In one respect, the results of an Angus Reid poll to be released on Monday are not surprising - the Conservatives are at 35 per cent, the Liberals at 27 and the NDP are at 19 per cent; in Quebec, the Bloc leads with 37 per cent.
However, the poll also asked Canadians how they would vote if the Liberals and NDP went to the polls offering Canadians a coalition government, and here things get interesting.
According to the results published in Monday's edition of La Presse, the Conservatives led by Stephen Harper would defeat a coalition led by Michael Ignatieff 40-34 per cent.
With Bob Rae as Liberal leader, the coalition and Conservatives would be tied.
However, if the coalition were to propose Jack Layton as prime minister, according to the Reid poll, it could defeat the Conservatives by 43-37 per cent.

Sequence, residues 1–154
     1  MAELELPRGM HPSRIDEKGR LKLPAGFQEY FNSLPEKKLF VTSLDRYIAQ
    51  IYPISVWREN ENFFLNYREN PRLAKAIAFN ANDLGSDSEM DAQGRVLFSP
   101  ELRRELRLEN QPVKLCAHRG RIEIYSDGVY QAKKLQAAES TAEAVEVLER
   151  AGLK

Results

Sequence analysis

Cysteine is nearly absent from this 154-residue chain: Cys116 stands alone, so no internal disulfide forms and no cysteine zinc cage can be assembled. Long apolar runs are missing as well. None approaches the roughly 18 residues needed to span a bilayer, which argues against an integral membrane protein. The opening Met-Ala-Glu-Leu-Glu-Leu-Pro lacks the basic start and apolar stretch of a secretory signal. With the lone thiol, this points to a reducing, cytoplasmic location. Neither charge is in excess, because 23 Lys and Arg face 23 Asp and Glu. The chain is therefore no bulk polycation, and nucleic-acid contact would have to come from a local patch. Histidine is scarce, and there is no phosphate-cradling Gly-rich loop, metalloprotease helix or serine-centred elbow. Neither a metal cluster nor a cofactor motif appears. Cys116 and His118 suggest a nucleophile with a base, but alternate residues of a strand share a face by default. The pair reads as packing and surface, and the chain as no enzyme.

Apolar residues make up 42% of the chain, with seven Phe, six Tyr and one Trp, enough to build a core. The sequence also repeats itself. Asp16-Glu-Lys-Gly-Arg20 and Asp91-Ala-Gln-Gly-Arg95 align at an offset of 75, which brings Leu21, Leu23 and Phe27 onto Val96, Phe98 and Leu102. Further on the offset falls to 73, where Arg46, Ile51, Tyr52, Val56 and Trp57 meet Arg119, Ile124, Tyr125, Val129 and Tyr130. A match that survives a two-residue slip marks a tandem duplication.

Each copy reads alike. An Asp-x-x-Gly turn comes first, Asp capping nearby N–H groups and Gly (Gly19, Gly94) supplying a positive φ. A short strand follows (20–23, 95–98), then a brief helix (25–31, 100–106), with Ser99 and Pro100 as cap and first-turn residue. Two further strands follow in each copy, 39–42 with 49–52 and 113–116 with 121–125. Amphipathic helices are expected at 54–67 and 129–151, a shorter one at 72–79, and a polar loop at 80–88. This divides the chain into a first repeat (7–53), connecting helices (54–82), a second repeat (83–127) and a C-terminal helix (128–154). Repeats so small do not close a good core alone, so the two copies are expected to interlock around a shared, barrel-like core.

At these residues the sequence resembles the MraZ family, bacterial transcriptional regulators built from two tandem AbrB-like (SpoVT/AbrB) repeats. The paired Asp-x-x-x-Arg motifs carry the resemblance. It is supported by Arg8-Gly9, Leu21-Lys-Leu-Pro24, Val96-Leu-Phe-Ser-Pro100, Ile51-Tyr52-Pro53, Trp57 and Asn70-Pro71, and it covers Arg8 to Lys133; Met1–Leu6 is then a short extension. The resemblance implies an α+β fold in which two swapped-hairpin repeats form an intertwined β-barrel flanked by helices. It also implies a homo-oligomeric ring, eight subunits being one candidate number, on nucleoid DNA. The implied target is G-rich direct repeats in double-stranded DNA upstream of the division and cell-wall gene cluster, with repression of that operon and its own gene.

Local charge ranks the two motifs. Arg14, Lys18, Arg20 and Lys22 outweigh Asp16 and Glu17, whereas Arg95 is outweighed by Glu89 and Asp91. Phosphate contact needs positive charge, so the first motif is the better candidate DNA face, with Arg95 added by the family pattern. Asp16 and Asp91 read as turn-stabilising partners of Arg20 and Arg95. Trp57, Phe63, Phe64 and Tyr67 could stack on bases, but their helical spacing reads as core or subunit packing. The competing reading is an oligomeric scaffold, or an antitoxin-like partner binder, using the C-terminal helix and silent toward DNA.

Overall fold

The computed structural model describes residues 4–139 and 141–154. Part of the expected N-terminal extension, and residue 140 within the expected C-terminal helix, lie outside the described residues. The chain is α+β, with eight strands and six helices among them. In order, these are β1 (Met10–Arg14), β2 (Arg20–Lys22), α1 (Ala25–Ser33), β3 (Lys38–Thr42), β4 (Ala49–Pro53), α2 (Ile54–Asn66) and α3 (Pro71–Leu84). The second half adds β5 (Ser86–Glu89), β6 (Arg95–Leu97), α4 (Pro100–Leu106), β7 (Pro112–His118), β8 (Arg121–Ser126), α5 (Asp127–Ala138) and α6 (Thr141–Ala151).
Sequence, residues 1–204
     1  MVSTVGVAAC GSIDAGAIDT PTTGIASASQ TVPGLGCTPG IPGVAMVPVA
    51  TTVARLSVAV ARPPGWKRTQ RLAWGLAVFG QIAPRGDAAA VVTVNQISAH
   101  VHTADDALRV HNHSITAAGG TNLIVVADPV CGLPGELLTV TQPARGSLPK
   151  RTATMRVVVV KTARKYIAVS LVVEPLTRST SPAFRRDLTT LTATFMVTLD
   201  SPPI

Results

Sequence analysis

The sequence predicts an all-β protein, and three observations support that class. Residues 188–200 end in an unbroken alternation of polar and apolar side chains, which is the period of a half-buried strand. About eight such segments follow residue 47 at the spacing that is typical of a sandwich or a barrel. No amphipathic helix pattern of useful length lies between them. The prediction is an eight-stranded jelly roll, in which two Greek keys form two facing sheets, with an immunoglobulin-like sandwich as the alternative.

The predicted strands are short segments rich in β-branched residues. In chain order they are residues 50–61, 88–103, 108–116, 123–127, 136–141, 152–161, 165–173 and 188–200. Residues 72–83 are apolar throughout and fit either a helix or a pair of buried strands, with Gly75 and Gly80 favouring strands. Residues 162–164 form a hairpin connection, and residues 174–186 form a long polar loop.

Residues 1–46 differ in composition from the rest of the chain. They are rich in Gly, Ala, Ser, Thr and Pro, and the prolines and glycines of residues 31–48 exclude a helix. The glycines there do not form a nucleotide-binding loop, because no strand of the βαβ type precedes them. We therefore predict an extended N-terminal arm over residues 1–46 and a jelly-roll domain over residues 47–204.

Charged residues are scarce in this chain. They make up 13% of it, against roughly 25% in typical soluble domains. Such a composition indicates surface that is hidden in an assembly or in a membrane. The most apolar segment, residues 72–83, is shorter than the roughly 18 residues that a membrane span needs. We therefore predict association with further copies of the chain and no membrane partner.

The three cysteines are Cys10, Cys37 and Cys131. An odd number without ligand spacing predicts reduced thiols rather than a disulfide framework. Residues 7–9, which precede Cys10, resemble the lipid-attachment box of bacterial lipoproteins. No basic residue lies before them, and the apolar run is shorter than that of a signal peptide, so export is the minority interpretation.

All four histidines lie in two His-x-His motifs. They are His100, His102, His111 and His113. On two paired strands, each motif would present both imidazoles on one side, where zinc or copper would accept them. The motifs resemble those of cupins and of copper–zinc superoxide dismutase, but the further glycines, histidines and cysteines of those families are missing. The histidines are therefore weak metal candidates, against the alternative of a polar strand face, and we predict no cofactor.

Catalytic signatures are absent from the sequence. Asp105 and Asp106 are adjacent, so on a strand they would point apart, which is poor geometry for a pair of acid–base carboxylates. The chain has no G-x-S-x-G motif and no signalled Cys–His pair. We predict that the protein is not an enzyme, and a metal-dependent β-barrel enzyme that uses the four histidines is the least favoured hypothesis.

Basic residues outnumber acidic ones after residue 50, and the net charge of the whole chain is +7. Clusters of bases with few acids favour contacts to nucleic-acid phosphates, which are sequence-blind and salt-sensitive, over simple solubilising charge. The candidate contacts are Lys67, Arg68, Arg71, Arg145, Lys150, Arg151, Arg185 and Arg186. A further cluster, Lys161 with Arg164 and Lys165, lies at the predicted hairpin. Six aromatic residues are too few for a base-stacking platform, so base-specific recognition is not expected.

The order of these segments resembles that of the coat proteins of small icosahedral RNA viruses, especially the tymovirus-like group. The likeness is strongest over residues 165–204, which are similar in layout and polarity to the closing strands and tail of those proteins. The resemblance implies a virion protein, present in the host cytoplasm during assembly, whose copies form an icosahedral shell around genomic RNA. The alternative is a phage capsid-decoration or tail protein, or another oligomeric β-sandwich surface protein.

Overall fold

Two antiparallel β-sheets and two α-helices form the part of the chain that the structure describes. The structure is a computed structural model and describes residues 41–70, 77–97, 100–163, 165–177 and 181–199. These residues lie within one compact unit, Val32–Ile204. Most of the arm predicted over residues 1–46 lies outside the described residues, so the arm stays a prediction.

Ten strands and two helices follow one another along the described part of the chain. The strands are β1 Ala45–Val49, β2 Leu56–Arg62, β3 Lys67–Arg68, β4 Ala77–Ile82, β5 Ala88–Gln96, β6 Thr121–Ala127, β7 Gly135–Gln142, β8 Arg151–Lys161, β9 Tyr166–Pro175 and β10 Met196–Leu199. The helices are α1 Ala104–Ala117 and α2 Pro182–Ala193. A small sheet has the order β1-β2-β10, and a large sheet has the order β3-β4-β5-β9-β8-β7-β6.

The reason: Jack Layton is well-liked by Quebecers but they don't vote for the NDP because they see no chance of the party forming government; with the prospect of Mr. Layton in the prime minister's office, 44 per cent of Quebecers would vote NDP - 10 per cent more than the Bloc.
The pollster says that the question was only theoretical, and was only asked because of the results of the British election and because of Jean Chrétien's statement on CBC last week that if a coalition is doable they parties should do it. And it's hard to believe that these numbers would last through a campaign, though it's worth noting that the poll has Mr. Layton as the most popular of the federal leaders (30 per cent to Harper's 29). But it sure would make for an interesting election, and, in the nearer term, it will be interesting to see how the Liberals deal with the results of the survey.